“If the ‘S’ in your CMS doesn’t stand for strategy, you’re focusing on the wrong ‘S,'” offered digital strategist John Eckman to a crowded hall at WordCamp Boston. It was 2011, and John was delivering an uncommon but compelling message that the audience needed to hear. As a contributor to ISITE Design’s CMS Myth blog, he was familiar with the misconceptions surrounding content management systems. Even today, among users of open source and enterprise class content management systems, that message is relevant—and all too uncommon.
If you’re a content strategist reading this, it’s time. Let’s have that conversation with our clients, our CTOs, and our project managers. CMS without content strategy is short-sighted, and we know that from so many projects that run over in time and budget. We talk amongst ourselves about it, but that doesn’t do much good. It’s a bigger conversation with questions about culture, process, and planning.
Before you implement that new CMS, consider your content strategy. Before you meet with vendors and weigh functionality, first consider what you need it to do—not just what it can do. What do you need from your content? What do your content owners, editors, reviewers, and contributors need their content to do to best engage your target audience and communicate your brand?
Those are big, heady questions, but their answers drive concrete tactics for content creation and management, and you’d be foolhardy and wasteful to ignore them. Let’s say your brand needs to communicate its rapport with a key segment of your audience. There are many ways to do that: testimonials, case studies, video interviews. Interviews can combine copy with video modules, and reassemble them based on the user’s device! You’ll find features among many CMSes to support those content types and adaptive requirements. But how do you know what content types are best, and what features are most important, and what tools will really meet the cultural constraints of content creation in your organization?
(Sartre, hell isn’t other people. Hell is other people with diverse content expectations.)
Also, how do you know what CMS can best support the granular structure your content needs so that it can move and reconfigure across devices, platforms, and contexts? Content management on the modern web means your content is going places… but only if you unshackle it with structure within your system.
Embracing that other S
All those questions are bigger than content management. They’re content strategy. And if you work in content strategy, you know this. You get it. You—okay, we—come together over drinks to bemoan it.
Content strategy demands you clarify those goals, determine their order of importance, and then address organizational publishing culture. It demands you address the constraints you need to fit—time, budget, creativity, or a particular skill set. Does your publishing culture demand collaborative creation with extensive internal review cycles? You’ll want a CMS that can facilitate the process. Do content creators have deep expertise in video production? You’ll want a CMS that can natively support rich media and tag volumes of video testimonials. Do content creators expect to use the CMS daily, or will they dip into it only every few months? You’ll want to choose a CMS that can welcome and accommodate both power users and more casual users. But you won’t know that without digging into your content strategy.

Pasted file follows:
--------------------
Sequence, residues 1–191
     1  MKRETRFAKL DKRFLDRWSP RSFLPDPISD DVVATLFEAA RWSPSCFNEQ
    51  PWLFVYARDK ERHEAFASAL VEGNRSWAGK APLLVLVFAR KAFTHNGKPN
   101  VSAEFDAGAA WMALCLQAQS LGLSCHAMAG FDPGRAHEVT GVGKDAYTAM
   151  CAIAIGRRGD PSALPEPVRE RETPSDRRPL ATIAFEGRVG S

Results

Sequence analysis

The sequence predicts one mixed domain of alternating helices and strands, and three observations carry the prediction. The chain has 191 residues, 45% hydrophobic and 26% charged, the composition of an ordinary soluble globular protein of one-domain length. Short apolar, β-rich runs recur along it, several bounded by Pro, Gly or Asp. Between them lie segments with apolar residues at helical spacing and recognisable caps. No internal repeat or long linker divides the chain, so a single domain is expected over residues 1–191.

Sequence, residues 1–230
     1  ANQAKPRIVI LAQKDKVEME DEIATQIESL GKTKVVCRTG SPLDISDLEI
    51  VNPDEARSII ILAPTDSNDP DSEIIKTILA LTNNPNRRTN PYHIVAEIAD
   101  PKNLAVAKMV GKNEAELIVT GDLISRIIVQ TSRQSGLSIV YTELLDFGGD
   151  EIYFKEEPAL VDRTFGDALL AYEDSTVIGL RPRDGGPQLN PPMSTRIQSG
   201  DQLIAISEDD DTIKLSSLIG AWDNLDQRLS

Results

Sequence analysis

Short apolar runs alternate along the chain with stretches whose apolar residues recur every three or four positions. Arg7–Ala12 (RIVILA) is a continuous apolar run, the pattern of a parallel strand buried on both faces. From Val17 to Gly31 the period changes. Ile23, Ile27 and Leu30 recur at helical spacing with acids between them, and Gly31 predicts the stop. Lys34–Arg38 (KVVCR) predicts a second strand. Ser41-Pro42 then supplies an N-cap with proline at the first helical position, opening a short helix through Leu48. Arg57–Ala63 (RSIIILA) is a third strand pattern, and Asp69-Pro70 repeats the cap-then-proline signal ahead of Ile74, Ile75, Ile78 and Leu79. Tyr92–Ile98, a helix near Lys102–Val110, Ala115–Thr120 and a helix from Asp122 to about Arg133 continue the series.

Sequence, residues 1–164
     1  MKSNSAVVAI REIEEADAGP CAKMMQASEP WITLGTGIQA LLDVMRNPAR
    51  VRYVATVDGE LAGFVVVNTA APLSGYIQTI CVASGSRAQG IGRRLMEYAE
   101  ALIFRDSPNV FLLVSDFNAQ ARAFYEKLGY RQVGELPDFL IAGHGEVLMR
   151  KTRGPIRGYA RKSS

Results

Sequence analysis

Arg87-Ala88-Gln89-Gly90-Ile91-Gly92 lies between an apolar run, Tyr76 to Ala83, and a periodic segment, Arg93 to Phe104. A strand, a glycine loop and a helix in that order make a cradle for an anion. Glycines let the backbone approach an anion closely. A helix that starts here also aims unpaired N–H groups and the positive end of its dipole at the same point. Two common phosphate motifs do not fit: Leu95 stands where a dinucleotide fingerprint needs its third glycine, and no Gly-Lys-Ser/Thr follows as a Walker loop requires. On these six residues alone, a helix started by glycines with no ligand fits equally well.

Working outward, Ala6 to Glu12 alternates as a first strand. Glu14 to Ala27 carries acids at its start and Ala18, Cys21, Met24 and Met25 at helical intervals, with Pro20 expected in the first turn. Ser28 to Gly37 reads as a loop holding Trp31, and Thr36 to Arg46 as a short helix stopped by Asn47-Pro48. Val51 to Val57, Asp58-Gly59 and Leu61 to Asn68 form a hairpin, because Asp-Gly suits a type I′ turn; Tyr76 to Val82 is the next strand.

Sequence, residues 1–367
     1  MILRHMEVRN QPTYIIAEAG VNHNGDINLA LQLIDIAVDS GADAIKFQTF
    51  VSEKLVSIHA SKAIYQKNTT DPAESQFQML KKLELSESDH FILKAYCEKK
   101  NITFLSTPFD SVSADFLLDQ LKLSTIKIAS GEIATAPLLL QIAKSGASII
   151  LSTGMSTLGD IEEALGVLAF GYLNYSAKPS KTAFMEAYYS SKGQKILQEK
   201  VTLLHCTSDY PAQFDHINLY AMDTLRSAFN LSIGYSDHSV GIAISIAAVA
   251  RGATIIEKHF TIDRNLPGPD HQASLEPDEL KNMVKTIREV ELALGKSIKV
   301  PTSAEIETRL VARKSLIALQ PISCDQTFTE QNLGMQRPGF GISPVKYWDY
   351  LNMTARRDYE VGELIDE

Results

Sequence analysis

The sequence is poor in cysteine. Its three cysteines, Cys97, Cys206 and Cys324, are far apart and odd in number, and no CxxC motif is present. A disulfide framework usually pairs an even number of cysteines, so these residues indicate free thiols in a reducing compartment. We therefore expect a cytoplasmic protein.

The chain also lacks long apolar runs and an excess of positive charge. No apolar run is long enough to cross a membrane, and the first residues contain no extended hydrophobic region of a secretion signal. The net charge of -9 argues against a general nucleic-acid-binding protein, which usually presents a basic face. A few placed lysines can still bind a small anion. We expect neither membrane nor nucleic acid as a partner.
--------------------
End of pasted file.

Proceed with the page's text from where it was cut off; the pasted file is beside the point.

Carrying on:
Hope and change
Last year, a prospective client called me with a request that would normally elicit a hug or a high five.
“We’re starting to look for a new CMS, but first we need to better understand our content,” he explained. “We need help with an audit.” I was nearly electrocuted by the tears of joy I shed on my keyboard.
He was right, of course. Before they could manage their content and determine the time and budget to port it over into a new system, they needed to assess what they had and see if it was any good. That meant we needed a message architecture against which to measure quality. It was an exciting discussion—and I’m thrilled to take part in it with more and more organizations.
That’s also why I’m excited about the upcoming CMS Expo. Over the past two years, the conference has increased its focus on content strategy. This year, I’ll be speaking about content strategy for content management. And if you’re really ready to dig in, sign up for the workshop on how to develop a brand-driven message architecture to guide your content audit.
CMS Expo will offer a forum for commiserating about content management and exploring new options. But amid all the conversation about CMS, we’ll focus on that other S—strategy—and how to bring it into your process as well. Hear Sarah Beckley talk about adaptive, structured content, the team from Whole Foods on their approach to content strategy in a retail environment, and more.
If you’re a content strategist, put this conference on your calendar. We can roll our eyes about the lack of planning and strategy in so many CMS implementations, or we can start teaching about how to do them differently. You know the IT manager who’s implementing the new CMS, who stakes a project on “out-of-the-box functionality”? Yeah. That’s who needs to learn more about content strategy. Join me in having that conversation this May in Chicago.
Want to attend CMS Expo and save $100 off the three-day registration? Use the code CMSX20794. And let me know in the comments if we’ll see each other in Chicago!